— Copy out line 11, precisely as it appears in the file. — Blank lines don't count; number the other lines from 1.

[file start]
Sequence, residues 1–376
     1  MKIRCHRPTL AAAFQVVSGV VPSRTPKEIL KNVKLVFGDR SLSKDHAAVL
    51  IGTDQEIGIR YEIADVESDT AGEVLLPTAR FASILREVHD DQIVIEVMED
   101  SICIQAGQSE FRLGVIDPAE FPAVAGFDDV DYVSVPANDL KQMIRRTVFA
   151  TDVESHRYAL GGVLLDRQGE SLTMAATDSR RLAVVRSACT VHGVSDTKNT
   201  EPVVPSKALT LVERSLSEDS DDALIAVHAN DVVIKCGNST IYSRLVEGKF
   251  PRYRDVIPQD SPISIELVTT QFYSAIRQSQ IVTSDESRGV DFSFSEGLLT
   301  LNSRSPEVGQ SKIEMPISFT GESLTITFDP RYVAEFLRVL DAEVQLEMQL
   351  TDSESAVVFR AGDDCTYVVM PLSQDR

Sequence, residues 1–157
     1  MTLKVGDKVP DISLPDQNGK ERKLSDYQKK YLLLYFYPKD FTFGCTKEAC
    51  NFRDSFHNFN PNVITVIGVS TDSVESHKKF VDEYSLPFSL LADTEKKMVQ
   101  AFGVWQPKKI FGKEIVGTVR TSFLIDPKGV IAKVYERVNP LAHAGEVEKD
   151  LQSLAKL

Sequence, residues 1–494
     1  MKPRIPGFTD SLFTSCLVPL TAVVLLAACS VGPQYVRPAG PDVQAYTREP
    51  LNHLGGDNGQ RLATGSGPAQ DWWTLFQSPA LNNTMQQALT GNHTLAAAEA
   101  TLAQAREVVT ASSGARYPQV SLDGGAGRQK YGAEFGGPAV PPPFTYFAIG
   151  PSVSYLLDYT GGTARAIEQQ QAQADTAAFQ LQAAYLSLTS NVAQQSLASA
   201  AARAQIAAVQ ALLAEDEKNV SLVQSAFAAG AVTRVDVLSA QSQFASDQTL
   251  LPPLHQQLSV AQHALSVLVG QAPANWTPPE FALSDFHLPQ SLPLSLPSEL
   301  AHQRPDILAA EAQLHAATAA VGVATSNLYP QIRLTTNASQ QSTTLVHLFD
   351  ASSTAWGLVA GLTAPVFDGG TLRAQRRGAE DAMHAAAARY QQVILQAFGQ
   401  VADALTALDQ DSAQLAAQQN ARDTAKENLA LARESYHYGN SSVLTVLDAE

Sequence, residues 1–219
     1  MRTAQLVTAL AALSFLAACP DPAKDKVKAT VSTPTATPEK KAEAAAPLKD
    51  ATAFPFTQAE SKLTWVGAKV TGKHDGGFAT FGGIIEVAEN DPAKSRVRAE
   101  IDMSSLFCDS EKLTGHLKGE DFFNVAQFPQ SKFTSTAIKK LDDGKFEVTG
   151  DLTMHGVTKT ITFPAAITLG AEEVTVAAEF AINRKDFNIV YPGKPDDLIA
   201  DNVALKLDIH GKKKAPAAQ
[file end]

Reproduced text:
     1  MTLKVGDKVP DISLPDQNGK ERKLSDYQKK YLLLYFYPKD FTFGCTKEAC